Land and home shortages are battleground issues for Hong Kong. Financial Secretary Paul Chan said recently that Hong Kong has enough land for development but planning processes need to be simplified to speed up the release of supply to tackle the housing crisis.
In the latest Weekly Snippet, Stella Ho of Valuation & Advisory Services shares her thoughts on the government’s plan to carry out a land use review study of the Ngau Tam Mei Area. In addition, Matthew Cheng of Capital Markets & Investment Services gives his on-the-ground observations of the property investment market.
Government’s feasibility study on Ngau Tam Mei Area to combat land supply
With the shortage of land supply, the government is working towards different ways it can release its land supply. A major part of that comes from the resumption of land in the New Territories. It was recently announced the government’s plan to conduct a feasibility study on the Ngau Tam Mei Area, in a situation that may release 6,000 public or private flats to the market. The feasibility study will go in parallel with MTRC’s study on the extension of the Northern Link.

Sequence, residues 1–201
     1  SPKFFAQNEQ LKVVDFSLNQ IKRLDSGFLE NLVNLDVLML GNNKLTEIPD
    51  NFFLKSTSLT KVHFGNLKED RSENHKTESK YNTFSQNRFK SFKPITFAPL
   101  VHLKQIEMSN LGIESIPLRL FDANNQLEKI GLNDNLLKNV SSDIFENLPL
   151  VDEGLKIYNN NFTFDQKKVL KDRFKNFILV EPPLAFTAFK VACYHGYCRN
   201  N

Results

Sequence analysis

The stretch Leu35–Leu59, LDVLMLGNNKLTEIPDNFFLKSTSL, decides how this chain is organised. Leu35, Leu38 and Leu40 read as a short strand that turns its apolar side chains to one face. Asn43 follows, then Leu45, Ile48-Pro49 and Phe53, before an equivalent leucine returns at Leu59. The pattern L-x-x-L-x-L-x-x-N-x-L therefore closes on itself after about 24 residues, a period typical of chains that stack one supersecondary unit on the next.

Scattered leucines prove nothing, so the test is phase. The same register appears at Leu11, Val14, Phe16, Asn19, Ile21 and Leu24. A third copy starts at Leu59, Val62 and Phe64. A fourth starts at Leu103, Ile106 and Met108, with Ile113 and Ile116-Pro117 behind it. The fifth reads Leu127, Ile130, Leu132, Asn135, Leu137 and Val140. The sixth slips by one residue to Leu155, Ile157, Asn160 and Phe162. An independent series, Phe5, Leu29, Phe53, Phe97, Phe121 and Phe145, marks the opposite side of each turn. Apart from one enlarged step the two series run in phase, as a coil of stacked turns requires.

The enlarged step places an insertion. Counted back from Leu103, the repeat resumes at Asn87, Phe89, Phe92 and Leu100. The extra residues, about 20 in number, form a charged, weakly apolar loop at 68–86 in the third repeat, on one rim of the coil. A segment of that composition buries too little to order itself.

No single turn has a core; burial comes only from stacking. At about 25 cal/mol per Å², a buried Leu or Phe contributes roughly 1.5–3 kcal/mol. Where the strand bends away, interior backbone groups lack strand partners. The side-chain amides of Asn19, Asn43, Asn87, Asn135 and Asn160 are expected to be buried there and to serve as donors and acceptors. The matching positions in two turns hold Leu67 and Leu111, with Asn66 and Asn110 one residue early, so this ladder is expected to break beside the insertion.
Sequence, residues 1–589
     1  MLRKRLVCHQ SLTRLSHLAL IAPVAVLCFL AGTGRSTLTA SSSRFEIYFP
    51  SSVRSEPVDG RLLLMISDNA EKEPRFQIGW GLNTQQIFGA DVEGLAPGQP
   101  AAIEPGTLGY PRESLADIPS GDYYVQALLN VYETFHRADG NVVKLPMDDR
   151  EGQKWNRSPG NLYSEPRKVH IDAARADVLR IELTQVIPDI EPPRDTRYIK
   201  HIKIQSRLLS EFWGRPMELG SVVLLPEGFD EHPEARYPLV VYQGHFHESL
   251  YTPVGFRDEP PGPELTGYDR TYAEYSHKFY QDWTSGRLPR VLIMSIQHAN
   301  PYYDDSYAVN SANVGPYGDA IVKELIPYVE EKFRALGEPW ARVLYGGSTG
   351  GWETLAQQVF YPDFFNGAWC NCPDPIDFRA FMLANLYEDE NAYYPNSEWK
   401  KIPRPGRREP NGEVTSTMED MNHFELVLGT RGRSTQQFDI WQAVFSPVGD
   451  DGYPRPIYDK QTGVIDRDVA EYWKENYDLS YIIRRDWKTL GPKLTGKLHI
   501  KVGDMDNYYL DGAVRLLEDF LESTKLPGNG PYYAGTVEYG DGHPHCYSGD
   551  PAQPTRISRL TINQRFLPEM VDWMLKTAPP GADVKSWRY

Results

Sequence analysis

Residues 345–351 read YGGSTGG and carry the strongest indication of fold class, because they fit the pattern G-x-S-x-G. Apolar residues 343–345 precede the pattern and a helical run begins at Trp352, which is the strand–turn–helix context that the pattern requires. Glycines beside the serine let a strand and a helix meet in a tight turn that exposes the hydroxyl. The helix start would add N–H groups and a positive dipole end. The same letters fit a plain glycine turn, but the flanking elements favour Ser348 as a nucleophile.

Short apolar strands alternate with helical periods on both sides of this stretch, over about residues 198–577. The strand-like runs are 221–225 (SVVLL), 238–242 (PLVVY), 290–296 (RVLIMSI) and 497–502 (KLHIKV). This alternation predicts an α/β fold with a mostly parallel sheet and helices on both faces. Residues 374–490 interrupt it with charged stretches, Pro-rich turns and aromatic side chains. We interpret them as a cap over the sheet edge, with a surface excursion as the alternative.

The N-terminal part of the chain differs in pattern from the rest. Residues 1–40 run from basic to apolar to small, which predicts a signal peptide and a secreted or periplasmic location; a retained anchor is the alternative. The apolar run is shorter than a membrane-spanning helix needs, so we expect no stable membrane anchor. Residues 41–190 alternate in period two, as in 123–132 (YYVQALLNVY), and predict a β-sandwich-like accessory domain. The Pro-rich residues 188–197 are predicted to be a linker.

The area will be one of the latest additions to the few new development areas, such as San Tin / Lok Ma Chau Development Node, that were already in place to combat land supply. If the study goes according to plan, it could further enhance the comprehensiveness along the Northern Link and release the development potential of the neighbouring land. It is hopeful that the plan will have positive impact on the property prices in the vicinity.
Investors stay cautious by seeking stable rental assets
Despite the improved market sentiment, investors are still cautious about the market, particularly on leasing risk, and they would be more interested in properties generating stable rental income. Recently, Dairy Farm put a portfolio of shops on the market with lease-back arrangement by Wellcome for a period of nine years. Although the yield is relatively low based on its indicative price, these shops have received very good responses and several offers have been made.
Apart from this retail portfolio, most of the recent transactions have been concluded with a stable or long-term tenancy, and the yield requirement of investors are now generally higher than what was experienced a few years ago.
In addition to retail shops and industrial assets like cold storage or data centres, schools have become an alternative asset sought after by investors. The tender of Stamford International School in Ho Man Tin has recently been closed, and despite the relatively big investment lump sum, several bids from institutional investors were received.